It is soluble in water and it contains the amino acid alanine. It is stable to heat but prolonged exposure to dry heat destroys it. It is also destroyed by acid and alkali

    • Pantothenic acid forms a complex compound co-enzyme A (CoA) and acyl carrier protein and thus it takes part in the metabolism of carbohydrates and fats
    • It is also necessary for the formation of acetyl choline, which is a precursor of heme which in turn is essential for haemoglobin synthesis.
    • CoA is also essential for the synthesis of cholesterol and sterols.
    • In our body pantothenic acid is present in the liver, adrenal glands, kidneys, brain and heart.

    • Deficiency of pantothenic acid is rare. Experimental production of its deficiency showed loss of appetite, fatigue, weakness, headache, insomnia, nausea, emotional instability, dizziness, impaired motor coordination, muscle cramps, burning sensations in the feet and changes in the heart beat rate and in blood pressure.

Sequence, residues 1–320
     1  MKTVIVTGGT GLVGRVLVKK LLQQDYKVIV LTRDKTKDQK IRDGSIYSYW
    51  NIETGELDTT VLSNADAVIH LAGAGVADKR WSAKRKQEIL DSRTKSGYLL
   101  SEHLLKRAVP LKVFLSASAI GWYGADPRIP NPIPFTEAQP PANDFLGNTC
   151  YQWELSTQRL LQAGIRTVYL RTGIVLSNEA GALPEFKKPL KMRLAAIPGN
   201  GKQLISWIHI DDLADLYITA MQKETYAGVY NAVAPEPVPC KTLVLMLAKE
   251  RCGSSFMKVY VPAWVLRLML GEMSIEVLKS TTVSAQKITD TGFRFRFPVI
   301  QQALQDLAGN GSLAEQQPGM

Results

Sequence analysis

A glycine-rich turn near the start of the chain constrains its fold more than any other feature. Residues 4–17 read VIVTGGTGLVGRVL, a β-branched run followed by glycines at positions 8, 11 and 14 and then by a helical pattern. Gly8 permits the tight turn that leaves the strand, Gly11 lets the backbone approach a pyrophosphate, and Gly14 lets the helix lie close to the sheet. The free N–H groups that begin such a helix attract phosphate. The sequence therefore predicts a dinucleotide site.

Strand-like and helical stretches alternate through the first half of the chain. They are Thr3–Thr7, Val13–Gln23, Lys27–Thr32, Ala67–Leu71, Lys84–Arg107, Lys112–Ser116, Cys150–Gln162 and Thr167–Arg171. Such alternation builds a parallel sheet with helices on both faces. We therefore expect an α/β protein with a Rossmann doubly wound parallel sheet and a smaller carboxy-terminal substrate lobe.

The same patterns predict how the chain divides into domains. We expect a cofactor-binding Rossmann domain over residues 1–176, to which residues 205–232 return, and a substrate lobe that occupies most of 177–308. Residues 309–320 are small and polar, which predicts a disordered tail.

• Burning feet syndrome is associated with neurological and mental disturbances and it is cured only by pantothenic acid.

    • Rich sources: Dried yeast, liver, rice polishing and wheat germs
    • Fair sources: Whole cereals, legumes, nuts, fleshy foods, eggs and fish

    • Recommended by the FAO / WHO expert committee
    • Adult - 10 mg per day
    • Adolescents - 8-10 mg per day
    • Children - 5-8 mg per day
    • Infants - 1.5-2.5 mg per day
Last modified: Tuesday, 5 June 2012, 5:44 AM